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Friday press conference - Brazilian GP - Pt.2

A quick one to all of you: you're all from quite different backgrounds: a lawyer, engineers, an ex-racing driver. Just a quick word on what makes a good team boss and whether you only look like a good team boss when you're winning?

Martin Whitmarsh:
A thick skin!

Eric Boullier:
When you start to win races. The proof is not only one profile, it's just the capacity of managing the right people, to bring the right people at home, to build up the right business for your team, and obviously to seek the best drivers and make all the group of people work well together in a very competitive environment and having also a little bit of some politics around this which makes the whole package a success. I think this is a simple definition but this is the way I think it should work.

Monisha Kaltenborn:
I don't think there are any hard and fast rules about that. I think we are all measured at the end of the day by performance and if you are good, if you are performing well then you must be a good team boss.

Ross Brawn:
I agree. I think you're measured on your results. One of the things that is very demonstrable in Formula One is the results in the team and there's no hiding place. But I think all of us in Formula One probably demonstrate our strengths mostly when we are failing rather than succeeding. I think the reaction to failure and how you deal with it, how you continue to motivate the team, how you continue to put all of the pieces in place is the most critical quality that all of us round here, this group needs. All of us have faced failure many times, that's the nature of Formula One, there is only one team that can win and the rest of us are failing. How we react to that, what we do and how we try and improve our situation is, I think, the measure of being the boss of a team and trying to make it work.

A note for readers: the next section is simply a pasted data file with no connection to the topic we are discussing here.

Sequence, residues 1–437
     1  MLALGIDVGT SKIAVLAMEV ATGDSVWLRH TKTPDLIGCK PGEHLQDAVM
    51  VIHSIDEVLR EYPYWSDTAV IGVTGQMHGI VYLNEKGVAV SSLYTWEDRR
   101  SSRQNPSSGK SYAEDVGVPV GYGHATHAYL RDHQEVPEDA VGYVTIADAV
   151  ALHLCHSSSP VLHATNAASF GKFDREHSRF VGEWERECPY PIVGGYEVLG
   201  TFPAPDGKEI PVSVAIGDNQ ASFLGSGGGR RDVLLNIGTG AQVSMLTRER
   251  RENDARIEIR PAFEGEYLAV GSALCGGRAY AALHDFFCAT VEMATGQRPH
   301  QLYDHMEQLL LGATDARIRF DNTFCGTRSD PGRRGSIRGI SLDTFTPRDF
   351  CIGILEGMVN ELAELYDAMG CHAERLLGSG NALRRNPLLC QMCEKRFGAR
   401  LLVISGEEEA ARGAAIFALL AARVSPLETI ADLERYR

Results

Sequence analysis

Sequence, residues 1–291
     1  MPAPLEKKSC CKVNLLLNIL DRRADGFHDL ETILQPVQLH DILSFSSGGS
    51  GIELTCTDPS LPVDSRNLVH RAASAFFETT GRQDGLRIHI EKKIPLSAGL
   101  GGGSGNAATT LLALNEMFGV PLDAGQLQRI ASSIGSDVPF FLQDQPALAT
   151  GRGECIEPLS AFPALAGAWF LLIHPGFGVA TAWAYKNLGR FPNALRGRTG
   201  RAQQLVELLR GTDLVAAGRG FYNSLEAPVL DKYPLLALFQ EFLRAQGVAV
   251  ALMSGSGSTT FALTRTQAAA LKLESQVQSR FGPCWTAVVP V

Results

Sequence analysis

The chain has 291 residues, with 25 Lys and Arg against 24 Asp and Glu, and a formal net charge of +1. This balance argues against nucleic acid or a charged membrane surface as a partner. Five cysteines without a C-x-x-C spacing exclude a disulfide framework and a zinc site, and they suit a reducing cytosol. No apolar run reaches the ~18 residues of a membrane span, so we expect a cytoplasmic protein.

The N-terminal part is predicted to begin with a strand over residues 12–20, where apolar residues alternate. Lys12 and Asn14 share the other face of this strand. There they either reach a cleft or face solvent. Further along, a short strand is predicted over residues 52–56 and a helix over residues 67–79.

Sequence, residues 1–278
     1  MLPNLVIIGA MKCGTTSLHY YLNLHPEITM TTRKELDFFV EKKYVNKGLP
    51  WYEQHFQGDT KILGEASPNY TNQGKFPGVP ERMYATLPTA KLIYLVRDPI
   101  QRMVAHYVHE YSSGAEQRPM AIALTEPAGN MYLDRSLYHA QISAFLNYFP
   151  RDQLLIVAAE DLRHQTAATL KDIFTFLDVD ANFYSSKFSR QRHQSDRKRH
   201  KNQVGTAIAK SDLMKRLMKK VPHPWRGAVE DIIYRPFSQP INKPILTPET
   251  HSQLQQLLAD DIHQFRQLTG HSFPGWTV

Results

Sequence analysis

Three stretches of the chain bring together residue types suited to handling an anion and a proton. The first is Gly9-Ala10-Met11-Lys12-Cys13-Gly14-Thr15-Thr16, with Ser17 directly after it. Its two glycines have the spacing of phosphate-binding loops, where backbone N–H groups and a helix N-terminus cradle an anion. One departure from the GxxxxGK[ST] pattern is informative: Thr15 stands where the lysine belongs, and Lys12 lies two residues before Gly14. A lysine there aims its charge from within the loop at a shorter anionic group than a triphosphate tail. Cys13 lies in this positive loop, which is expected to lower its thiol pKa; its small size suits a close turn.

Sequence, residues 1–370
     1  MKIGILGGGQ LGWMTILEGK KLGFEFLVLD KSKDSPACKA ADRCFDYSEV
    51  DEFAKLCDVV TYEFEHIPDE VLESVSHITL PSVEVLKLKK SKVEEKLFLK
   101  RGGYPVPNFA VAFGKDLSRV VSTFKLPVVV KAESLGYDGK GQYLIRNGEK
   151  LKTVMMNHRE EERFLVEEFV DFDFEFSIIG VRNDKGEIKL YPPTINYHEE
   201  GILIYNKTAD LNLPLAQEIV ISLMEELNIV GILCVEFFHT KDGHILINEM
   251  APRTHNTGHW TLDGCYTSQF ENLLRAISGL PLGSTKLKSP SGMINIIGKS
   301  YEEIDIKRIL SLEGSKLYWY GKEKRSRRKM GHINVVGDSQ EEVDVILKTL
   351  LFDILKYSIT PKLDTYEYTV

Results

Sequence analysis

Stefano Domenicali:
I agree with what they said, so really nothing to add to that.

Christian Horner:
I don't think there's any hard and fast rules. I guess the role of team principal in different teams represents different things even, and I think that fundamentally it's a people business and it's a question, a matter of what your background is, what your education is. It's a matter of getting the best out of people, encouraging people and removing obstacles where necessary and sharing one vision, one goal, one objective and that needs to flow through an organisation from the top to the bottom, throughout an entire team, because Formula One is the biggest team sport in the world, and it is still a sport. You can argue that from Monday to Friday it's a business, but at the end of the day it's a sport where you are competing, department for department against your rivals and if you work collectively as a group, you can go on to achieve great things. There are no guarantees, nobody is owed success, but it's a type of sport that what you put in you get out.

Martin Whitmarsh:
Not much to add, really. I think a lot has been said about the team, and I think all of the Formula One teams are really great teams of people that work incredibly hard, whichever end of the grid you're at, everyone's working very hard. I think to be a good team member, to recognise it, just one part of the team's important but everything else has been said already.

Related Pictures

Click on relevant pic to enlarge
05.10.2012- Press conference, Ross Brawn (GBR), Team Principal, Mercedes GP
26.10.2012- Press conference, Monisha Kaltenborn (AUT), CEO and Team Principal, Sauber F1 Team and Eric Boullier (FRA), Team Manager, Lotus F1 Team
26.10.2012- Press conference, Stefano Domenicali (ITA), Team Principal
05.10.2012- Free Practice 2, Martin Whitmarsh (GBR), Chief Executive Officer Mclaren
16.11.2012 - Friday press conference, Christian Horner (GBR), Red Bull Racing, Sporting Director

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